This article literally listed you in one row with radical feminists and queer liberators who use non-binary pronouns in order to play power games (this is not intended as a criticism of LGBT people, but of abusive tactics used by some LGBT-affiliated circles). It also explicitly mentions polyamory as a tool for dismantling the structure of monogamous families and capitalism, two major forces that – despite their oppressive aspects – let us achieve civilizational milestones and high levels of human flourishing. I was not surprised when I found out that the author published in Gawker and The Cut, as well as indulged in misrepresenting the phenomenon of incels. Apparently, vilifying depressed online virgins is what some journalists do now to feel better about themselves and their profession.

    You, rationalists (and decision matrices as a multi-purpose tool) deserved a better framing than that, Jacob.

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    1. I think that you are deeply mistaken about the author, Alice Hines. And about me as well.

      When Alice reached out to me about this story, my initial reaction was “lol ofc no”. But then I started reading her articles and was surprised at how refreshingly free of ideology they were. A lot of her pieces felt like they stopped in the middle because I got to used to the author concluding with “…and this is why capitalist patriarchy is evil.” The article about incels and plastic surgery really impressed at sticking to who said and did what, rather than sermonizing about what it all means. After I read that I agreed to talk with her.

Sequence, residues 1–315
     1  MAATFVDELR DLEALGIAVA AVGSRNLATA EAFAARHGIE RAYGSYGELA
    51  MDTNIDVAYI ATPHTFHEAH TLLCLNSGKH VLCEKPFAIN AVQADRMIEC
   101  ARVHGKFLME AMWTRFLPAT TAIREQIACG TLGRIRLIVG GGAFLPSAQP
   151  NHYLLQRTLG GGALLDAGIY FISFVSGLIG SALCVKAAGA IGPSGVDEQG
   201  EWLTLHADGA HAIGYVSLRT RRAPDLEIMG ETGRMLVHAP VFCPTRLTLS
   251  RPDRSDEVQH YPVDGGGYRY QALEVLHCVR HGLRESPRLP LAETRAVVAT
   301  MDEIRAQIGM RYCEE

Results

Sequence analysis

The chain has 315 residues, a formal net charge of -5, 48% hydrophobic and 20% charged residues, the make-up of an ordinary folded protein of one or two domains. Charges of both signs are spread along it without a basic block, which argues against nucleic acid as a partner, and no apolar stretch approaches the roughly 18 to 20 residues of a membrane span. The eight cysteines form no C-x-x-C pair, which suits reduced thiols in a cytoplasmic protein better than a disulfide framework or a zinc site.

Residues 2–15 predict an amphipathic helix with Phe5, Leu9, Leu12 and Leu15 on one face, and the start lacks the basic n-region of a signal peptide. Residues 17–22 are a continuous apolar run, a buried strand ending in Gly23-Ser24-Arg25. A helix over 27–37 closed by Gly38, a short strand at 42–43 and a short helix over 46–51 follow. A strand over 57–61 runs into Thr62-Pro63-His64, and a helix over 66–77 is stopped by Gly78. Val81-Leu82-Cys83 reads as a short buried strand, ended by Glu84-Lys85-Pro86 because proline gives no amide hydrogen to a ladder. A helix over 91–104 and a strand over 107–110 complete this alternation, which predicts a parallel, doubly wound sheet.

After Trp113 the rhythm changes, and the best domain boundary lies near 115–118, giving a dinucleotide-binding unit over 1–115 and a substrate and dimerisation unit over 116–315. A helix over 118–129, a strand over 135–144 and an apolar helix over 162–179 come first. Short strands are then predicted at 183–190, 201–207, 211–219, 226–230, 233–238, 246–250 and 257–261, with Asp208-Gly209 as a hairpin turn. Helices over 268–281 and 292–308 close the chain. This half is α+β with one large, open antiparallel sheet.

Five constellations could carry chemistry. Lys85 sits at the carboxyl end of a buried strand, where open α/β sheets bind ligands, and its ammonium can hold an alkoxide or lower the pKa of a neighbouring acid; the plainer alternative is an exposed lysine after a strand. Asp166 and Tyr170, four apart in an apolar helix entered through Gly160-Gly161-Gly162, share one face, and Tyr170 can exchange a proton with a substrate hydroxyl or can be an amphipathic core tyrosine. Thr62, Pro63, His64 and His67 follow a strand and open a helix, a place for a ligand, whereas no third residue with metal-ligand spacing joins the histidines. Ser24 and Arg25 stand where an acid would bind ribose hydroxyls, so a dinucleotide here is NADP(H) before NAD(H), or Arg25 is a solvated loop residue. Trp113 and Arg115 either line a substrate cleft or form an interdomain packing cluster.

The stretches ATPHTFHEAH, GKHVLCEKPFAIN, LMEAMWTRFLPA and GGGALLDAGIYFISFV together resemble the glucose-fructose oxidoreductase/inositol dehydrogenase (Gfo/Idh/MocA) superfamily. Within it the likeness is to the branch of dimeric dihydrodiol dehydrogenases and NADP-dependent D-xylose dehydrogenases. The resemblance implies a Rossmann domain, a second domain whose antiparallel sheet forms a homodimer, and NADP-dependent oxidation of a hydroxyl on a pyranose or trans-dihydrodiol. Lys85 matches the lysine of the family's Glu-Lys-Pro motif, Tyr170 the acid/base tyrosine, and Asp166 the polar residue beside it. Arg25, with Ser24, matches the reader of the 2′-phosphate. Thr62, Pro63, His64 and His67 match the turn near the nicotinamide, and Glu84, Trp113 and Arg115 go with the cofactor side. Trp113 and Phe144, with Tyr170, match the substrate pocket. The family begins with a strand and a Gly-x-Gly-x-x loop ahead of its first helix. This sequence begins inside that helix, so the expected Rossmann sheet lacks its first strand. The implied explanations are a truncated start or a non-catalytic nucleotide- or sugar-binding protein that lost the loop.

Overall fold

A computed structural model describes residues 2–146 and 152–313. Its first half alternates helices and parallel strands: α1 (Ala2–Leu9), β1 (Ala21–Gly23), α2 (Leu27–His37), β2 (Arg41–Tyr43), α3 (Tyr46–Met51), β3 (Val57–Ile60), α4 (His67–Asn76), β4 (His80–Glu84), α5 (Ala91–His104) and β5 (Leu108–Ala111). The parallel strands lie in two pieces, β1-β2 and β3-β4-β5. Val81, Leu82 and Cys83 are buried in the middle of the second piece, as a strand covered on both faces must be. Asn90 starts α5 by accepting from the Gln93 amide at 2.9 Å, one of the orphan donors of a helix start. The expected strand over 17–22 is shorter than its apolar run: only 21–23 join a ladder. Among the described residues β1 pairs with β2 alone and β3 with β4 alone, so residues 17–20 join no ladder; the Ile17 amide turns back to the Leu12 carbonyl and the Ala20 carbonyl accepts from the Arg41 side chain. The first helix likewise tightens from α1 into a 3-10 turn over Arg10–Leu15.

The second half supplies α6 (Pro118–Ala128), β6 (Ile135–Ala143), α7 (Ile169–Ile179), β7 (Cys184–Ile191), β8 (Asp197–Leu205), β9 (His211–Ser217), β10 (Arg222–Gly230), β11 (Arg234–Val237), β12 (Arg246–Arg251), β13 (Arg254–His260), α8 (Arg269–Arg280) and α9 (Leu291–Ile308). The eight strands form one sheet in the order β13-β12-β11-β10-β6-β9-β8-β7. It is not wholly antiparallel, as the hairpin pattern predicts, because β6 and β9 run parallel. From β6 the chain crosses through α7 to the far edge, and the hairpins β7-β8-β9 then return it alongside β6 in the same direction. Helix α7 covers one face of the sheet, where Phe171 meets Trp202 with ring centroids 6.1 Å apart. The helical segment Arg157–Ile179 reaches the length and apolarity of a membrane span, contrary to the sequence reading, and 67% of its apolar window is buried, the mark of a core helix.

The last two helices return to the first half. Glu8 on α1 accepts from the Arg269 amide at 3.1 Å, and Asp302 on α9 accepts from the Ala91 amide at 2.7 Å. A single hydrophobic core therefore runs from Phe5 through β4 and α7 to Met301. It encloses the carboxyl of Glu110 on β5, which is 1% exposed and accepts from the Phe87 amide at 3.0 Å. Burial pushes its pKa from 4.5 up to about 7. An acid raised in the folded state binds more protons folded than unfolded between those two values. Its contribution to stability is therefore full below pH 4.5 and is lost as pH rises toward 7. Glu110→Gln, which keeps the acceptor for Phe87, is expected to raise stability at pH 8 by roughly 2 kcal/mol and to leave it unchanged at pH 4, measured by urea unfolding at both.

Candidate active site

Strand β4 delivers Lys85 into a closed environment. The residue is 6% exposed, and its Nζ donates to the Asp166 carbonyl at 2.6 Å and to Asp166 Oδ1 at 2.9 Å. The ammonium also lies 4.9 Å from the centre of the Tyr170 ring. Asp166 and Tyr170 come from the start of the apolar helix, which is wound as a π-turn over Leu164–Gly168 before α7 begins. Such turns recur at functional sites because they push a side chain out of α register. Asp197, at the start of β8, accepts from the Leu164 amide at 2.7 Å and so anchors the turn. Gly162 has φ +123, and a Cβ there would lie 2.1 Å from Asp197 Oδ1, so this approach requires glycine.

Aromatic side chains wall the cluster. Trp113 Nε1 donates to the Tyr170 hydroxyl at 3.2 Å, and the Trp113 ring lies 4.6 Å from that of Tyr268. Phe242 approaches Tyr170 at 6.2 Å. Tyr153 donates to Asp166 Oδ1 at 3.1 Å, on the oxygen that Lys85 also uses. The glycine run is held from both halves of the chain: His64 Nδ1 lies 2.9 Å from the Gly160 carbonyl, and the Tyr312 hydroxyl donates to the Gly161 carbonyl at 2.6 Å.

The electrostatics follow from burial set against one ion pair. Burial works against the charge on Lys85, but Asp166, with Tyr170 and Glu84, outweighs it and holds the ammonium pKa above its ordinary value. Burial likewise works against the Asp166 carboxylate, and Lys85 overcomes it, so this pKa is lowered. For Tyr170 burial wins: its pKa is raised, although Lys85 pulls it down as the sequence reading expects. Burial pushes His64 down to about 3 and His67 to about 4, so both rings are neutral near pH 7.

But being descriptive means that Alice didn’t take the incel’s value system as a given either. She’s not their ingroup. If you assume that every writer has to be either for or against then she’s certainly not “for” you, but you’re mistaken if you think she’s against you either. A lot of magazine writing is by ideologues pretending to be investigative journalists, Alice is an investigative journalists who writes in a lingo that fits in with them.

      Look at the example you mentioned: Yates goes by they/them, but my own pronouns aren’t listed. The entire premise of it is that something that started among queer rebels against family and capitalism is now being employed by family-oriented capitalists like myself who learned about matrices in business school. If you think that a “designer relationship” means that I’m surrendering to an idea of female primacy then it’s you who is shoehorning my story into ideologies I have little to do with, not Ms. Hines.

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      1. My main point is that the article didn’t cover decision matrices and designer relationships as neutral meta-level tools, but as approaches to ensure the feminine-primary arrangement at the expense of typical masculine priorities. I’m not sure if you’re OK with being presented as an obedient male ally figure, but this is the clear impression. When common male priorities (paternity ensurance through female exclusivity, mitigation of divorce-related risks) are given up, a woman can enjoy intimacy with multiple lovers while securing resources from the provisioning guy.